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Is it advisable to take dual enrollment while I enter the senior year of highschool?

Is it advisable to take dual enrollment while I enter the senior year of high school?

My school doesn't offer many AP classes, and I'm trying to challenge myself academically. Is it advisable for me to take community college classes during my senior year, and how will it affect my college applications?

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Rube’s Answer

Hi Erica,

If you are looking for a challenge or want to get ahead in your college education, I strongly recommend taking classes at a community college. Taking classes at a community college will stand out in college applications because it shows motivation to excel. This also comes with other benefits, such as reducing the number of core classes you must take in college, which could save you money.

The equivalent of an AP class is a college-level class. While a senior in AP and community college classes reap the same benefits by creating a way to obtain college credits without college, taking community college classes to prepare you for college life. This may make the transition a whole lot smoother.

Good Luck!
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Rebecca’s Answer

Hi Erica!

As long as you feel confident and comfortable that you could handle the course load, taking college courses during your senior year of high school would definitely make you stand out as a college applicant. And depending on how many college courses you take, it could potentially allow you to graduate from college early.

Best of luck!
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Alexandra’s Answer, CareerVillage.org Team

Hi Erica,

This very much depends on exactly what your plans are for college. Since you mentioned that your school doesn't offer "many" AP tests, I'd very much recommend you exhaust those options before considering dual enrollment.

I was unanimously advised by my high school teachers and counselors to opt for AP or IB tests over dual enrollment courses. Why? AP and IB tests are more widely accepted for college credit than dual enrollment. This is because they are standardized, and the college granting the credit knows exactly what education you received in that subject. With dual enrollment, every institution teaches & assesses the subject a little bit differently, so colleges tend not to "trust" dual enrollment credits as much as AP/IB.

Another possible advantage to AP/IB: it is possible to self-study and get college credit without taking the class. The colleges you apply to will look at one thing only: your score on the AP test. Technically, this means you would only need to take the AP test (and do well!) to earn the credit. While I do NOT recommend this 99% of the time, I have to mention it because I did it myself for one course. My high school did not offer AP English Language, only English literature. Having been an editor by passion for several years up to that point, I decided to sign up to take the AP Language test without taking the class. I DID self-study with the Baron's prep guide, though, just to make sure I didn't go in totally blind. It was quite funny, because I was the only person in the testing room and the test proctor was very confused. When I explained to her that the school didn't offer the class, she kind of laughed to herself, probably thinking I must be one of those really stuck-up know-it-all types. (The joke was on her, though, because I got a 4 on the exam, and ultimately 6 college credits for that AP test alone.)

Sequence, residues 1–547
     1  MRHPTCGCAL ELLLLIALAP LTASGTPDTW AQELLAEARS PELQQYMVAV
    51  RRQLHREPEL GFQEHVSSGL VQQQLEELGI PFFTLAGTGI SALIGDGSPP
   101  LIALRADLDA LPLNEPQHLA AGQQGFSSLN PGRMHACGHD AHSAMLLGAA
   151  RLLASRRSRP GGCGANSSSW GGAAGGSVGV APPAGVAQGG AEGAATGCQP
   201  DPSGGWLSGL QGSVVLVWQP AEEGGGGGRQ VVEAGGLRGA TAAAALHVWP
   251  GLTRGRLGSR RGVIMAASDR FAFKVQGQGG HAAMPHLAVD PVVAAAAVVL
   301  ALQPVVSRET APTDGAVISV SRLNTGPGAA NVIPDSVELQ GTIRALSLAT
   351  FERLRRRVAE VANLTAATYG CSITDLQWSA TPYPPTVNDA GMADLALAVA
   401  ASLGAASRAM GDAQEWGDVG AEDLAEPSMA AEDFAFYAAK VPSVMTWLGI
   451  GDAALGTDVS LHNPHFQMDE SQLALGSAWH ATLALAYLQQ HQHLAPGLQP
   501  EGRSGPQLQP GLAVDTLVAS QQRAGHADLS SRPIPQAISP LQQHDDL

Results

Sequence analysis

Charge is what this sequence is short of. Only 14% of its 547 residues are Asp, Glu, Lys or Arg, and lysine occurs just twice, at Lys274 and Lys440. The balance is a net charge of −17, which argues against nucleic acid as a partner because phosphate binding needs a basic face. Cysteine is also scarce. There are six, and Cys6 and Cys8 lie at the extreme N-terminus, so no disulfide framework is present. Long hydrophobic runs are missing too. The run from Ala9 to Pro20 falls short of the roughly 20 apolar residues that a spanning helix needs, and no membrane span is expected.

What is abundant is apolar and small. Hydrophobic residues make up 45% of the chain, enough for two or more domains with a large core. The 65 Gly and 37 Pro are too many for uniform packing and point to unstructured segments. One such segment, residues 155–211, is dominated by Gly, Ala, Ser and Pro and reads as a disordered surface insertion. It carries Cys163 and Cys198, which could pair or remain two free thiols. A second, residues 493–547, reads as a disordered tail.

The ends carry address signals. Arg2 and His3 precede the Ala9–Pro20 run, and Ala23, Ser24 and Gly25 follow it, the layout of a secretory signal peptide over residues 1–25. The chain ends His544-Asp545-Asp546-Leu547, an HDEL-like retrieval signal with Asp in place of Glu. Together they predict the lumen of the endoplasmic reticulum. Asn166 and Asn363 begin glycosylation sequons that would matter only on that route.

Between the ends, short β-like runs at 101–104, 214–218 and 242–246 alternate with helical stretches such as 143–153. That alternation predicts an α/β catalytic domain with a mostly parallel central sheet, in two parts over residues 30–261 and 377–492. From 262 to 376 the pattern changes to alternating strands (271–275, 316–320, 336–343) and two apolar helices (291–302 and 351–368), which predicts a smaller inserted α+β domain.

Other upsides to AP over dual enrollment: no worrying about travel to/from class, you get to take a challenging course and have the support of peers you already know, lots of test prep & online resources available, etc.

Hope this helps! I'm curious what AP courses you high school does offer, even if it isn't very many. However few, they will likely still be worth it!
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Faiyaz’s Answer

I believe there are more pros to dual enrollment than there are cons. In my experience, dual enrollment classes allow you to start earning college credits as a high schooler. This would help with financials when you start college as you would have some of the core college classes already out of the way. Also in my experience, dual enrollment classes are actually much easier than AP classes since there is not AP exam at the end of the year which is a gamble since you get credits if you only score above a certain score. The con I see to dual enrollment is that you may not get the full 100% high school experience as you would be taking some college classes but you can overcome this but getting involved in extracurricular activities at your high school. I personally would recommended dual enrollment to student who strive to get a head start and also who want to save $$$
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Emily’s Answer

Hi Erica,

I believe dual enrollment is a great opportunity. I took dual enrollment courses my senior year instead of AP as it seemed like a better fit myself. I was able to complete all my required English and Social Studies courses my senior year and I believe it helped my college applications. It also helps you save money as you are actually taking the classes versus potentially failing the AP exam and receiving no college credits.
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Patrick’s Answer

I have friends who have done this, and it is helpful in a few ways. First, you are able to knock off some college credits, ultimately making the cost of your higher education slightly cheaper. I think this can also help your marketability of yourself to colleges and universities. If a school sees you taking college level classes already, they'll see that in a similar light as to what you said you are trying to do: challenge yourself academically.
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Steve’s Answer

Hey Erica - great question! and one that many people ask themselves. I'll tell you that you can get many schools of thought on this one, but here is mine...

I'm a big advocate for constantly pushing yourself to be a lifelong learner and challenge yourself, so from that perspective, I think its great. HOWEVER, it is also important to know your limits and make sure that you are setting yourself up for success. A big part of that is mental health. If adding AP classes and that extra workload are going to significantly impact your stress level and ability to do the best you can at your other workload and extracurricular activities, then don't. It's not worth it. AP classes do help on the application process to universities, but at the end of the day, your mental health and wellbeing outlive 4 years of college.